Although, Britain pioneered the abolition of the slave trade in 1807, others followed suite till the middle of the century. Britain’s declaration was accompanied by an intensified trade in slaves from some parts of the Atlantic and eastern Africa up till the middle of the century, while domestic slavery persisted in many regions into the twentieth century. Whether the closing of the trans-Atlantic slave trade led to a ‘crisis of adaptation’ as the external trade shifted to ‘legitimate commerce’ in the middle of the nineteenth century is a highly contested question. The basic reasoning underlying this claim is that the end of profitable slave exports undermined the fiscal capabilities of centralized states, and that the income terms of trade (that is, the price of exports over that of imports) deteriorated as the slave trade ended. The general consensus is that this crisis has been overstated.

The transition to legitimate trade has been described as an evolutionary, rather than revolutionary, process, though there were important regional transformations which were evident in political, economic, and social structures. For instance, in the Sokoto Caliphate, slavery for domestic production increased after the abolition of the trans-Atlantic slave trade, and this contributed to reducing the struggle towards adaptation. Coastal kingdoms on the other hand, witnessed their financial base begin to deteriorate. An example of such was Dahomey.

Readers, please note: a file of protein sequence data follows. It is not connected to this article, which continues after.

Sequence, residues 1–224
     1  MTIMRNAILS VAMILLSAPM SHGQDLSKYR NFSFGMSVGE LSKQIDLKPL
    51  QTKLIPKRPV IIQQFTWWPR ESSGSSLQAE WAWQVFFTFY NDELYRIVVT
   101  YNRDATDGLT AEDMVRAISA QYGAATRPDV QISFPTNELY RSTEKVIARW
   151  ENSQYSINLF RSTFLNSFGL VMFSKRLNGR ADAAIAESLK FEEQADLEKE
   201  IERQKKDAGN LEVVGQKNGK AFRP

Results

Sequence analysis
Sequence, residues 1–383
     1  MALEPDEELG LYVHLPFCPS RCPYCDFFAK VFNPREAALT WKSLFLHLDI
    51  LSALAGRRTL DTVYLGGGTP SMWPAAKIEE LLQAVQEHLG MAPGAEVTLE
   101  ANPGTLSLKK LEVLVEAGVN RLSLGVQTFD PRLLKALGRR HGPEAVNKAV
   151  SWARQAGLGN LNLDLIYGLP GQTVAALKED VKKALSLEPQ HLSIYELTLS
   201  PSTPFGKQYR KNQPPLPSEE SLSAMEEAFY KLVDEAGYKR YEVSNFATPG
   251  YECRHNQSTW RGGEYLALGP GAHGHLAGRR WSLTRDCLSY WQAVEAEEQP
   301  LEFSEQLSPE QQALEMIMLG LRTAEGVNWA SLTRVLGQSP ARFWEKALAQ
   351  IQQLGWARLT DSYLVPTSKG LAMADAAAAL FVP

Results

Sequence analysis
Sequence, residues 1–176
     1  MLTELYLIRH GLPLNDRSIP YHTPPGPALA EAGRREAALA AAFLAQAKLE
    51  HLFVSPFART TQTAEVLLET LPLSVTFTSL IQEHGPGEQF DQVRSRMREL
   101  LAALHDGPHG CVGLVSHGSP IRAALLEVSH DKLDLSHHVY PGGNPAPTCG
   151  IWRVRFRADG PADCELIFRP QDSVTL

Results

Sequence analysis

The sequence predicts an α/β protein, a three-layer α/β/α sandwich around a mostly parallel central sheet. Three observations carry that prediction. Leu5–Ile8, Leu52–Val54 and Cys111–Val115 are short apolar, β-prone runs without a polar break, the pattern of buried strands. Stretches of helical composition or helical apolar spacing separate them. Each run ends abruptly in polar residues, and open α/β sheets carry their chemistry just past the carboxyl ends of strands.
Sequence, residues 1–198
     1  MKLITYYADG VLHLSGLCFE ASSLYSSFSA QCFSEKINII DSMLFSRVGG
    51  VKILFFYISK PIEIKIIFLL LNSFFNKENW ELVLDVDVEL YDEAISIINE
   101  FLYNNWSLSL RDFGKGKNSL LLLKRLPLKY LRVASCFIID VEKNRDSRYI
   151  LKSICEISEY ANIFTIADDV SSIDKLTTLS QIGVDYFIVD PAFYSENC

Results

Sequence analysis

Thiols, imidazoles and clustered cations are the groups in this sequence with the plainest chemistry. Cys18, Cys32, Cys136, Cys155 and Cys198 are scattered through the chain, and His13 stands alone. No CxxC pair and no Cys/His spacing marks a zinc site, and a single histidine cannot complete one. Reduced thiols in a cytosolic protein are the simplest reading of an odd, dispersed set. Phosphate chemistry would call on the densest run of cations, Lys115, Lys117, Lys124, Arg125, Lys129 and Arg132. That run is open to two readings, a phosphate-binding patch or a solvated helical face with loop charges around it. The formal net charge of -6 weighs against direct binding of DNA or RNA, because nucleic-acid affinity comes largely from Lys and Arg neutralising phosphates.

Slavery was the major labor force in important zones of nineteenth-century legitimate commerce such as groundnut production in Senegambia and palm oil production in southeastern Nigeria, while the use of pawned labor was important in the early twentieth-century expansion of cocoa production in the Akan forest kingdoms of the Gold Coast and the Yoruba region of southwestern Nigeria.

In eastern Africa, until the end of the nineteenth century, slave trade continued to be important for commercial exchange. This was also the case in West Africa. In southern Africa, commercial farming was implemented by white settlers whose labour force was sometimes comprised of slaves, but more often of African workers who had had their own production displaced by the confiscation of their cattle and/or land.